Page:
By Tony Collins
Francis Maude, the Cabinet Office minister, has agreed mechanisms for officials to identify high-risk suppliers where “material and substantial underperformance is evident”.
On his blog Spend Matters, Peter Smith has published parts of a letter from Maude.
Where under-performing suppliers are identified “departments will be asked to engage with the Cabinet Office at each stage of any procurement process involving the affected supplier to ensure that performance concerns are taken fully into account before proceeding”.
The implication is that the Cabinet Office will draw up a blacklist of bad suppliers which departments will take account of when buying. Smith says that two suppliers are already on the blacklist.
For more than 20 years the trade press has identified the same suppliers in a succession of failed or failing IT-based projects but poor performance has never been taken seriously into account.
This is usually because the suppliers argue that the media and/or Parliament has got it all wrong. Departments, it appears, will always prefer a potential supplier’s version to whatever is said in the media or in Parliament.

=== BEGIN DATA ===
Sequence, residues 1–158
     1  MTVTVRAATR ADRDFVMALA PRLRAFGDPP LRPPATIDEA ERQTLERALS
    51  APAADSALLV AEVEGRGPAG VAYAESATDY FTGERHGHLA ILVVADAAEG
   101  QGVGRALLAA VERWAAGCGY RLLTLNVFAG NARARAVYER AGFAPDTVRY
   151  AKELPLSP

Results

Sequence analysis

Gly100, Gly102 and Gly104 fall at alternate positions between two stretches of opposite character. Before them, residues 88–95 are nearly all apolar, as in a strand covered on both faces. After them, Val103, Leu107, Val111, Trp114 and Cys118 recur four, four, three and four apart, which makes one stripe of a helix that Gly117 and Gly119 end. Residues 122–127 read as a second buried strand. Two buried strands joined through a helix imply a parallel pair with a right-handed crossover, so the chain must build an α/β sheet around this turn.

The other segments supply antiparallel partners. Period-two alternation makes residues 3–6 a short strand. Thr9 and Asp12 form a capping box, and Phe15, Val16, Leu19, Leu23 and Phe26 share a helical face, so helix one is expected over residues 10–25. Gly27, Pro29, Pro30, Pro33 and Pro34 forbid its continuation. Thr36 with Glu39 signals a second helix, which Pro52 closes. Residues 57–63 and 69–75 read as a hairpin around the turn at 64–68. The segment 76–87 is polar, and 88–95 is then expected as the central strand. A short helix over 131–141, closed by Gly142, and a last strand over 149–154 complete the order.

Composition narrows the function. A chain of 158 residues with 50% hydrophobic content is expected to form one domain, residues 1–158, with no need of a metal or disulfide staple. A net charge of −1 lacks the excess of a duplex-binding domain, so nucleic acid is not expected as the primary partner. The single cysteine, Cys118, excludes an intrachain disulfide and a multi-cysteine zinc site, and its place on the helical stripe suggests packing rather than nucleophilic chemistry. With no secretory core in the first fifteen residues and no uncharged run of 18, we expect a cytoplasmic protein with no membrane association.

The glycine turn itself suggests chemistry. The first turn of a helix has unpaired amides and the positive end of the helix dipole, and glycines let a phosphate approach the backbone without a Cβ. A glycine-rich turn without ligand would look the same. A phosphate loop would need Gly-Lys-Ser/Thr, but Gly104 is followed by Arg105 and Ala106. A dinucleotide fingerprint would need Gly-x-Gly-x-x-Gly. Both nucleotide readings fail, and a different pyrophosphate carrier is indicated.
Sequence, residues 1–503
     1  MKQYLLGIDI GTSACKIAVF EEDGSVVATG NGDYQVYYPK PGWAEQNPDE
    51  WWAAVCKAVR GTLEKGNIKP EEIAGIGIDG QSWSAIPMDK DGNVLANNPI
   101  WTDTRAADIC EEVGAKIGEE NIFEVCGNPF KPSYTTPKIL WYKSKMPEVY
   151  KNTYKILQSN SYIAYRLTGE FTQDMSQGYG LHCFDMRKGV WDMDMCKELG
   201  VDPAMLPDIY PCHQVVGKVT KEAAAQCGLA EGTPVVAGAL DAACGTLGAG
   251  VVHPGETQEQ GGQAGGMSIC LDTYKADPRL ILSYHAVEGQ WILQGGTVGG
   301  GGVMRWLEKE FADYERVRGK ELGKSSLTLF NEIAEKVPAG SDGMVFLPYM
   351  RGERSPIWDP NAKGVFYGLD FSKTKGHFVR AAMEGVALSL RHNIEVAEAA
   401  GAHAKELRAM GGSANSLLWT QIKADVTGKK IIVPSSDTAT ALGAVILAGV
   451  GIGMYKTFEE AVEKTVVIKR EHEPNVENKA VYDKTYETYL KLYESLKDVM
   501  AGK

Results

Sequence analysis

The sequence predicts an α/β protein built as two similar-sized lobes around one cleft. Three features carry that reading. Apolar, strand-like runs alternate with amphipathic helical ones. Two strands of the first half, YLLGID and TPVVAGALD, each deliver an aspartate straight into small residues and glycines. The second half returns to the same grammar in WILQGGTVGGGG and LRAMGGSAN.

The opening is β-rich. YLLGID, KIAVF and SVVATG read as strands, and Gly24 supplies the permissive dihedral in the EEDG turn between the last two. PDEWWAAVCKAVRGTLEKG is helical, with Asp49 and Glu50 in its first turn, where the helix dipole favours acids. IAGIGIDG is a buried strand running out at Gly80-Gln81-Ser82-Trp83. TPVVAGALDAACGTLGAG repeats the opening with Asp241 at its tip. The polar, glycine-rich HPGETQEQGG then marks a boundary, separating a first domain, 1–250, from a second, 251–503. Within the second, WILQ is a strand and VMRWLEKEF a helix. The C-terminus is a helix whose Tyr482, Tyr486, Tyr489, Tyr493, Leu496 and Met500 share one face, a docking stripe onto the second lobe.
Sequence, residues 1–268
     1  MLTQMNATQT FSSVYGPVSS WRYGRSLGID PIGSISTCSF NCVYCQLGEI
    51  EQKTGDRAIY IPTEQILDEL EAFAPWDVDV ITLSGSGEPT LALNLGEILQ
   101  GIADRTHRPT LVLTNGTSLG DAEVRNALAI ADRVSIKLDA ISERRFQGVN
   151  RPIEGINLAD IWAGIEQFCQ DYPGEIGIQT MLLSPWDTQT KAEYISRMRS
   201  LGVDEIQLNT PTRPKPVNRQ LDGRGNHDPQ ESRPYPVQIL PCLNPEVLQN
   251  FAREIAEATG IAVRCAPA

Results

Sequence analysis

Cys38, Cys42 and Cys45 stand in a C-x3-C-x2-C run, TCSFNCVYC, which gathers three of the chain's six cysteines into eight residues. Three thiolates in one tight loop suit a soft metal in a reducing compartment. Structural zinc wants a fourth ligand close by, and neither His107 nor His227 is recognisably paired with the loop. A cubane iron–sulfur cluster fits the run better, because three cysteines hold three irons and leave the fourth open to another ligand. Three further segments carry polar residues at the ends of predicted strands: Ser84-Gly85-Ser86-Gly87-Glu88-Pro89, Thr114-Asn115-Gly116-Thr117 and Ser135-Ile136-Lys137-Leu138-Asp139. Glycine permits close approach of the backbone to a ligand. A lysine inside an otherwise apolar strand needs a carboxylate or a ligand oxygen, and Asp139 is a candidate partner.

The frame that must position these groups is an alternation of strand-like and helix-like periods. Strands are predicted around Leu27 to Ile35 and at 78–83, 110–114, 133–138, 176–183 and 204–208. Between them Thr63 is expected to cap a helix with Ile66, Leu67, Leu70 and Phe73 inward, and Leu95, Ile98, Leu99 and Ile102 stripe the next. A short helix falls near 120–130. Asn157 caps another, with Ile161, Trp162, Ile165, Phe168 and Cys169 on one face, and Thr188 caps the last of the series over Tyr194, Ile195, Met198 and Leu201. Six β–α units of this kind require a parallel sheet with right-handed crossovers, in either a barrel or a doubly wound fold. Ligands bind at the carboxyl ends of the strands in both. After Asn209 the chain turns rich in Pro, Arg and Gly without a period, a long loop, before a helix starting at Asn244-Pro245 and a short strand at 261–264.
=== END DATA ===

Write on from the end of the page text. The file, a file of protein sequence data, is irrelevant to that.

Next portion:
The Office of Government Commerce, now part of the Cabinet Office, kept intelligence information on suppliers but it seems to have made no difference in procurements.
It is unlikely the Cabinet Office’s blacklist will rule out any suppliers from a shortlist. As Smith says, suppliers will claim that any problem was all the fault of ministers or civil servants who kept changing their minds, were not around to make key decisions, or didn’t understand the nature of the work.
But still the blacklist is a worthwhile innovation. At least one big IT supplier has made a habit of threatening to withdraw from existing assignments when officials have refused to revise terms, prices or length of contract. The blacklist will strengthen the negotiating hand of officials.
The challenge for Maude will be persuading departments to take the blacklist idea seriously.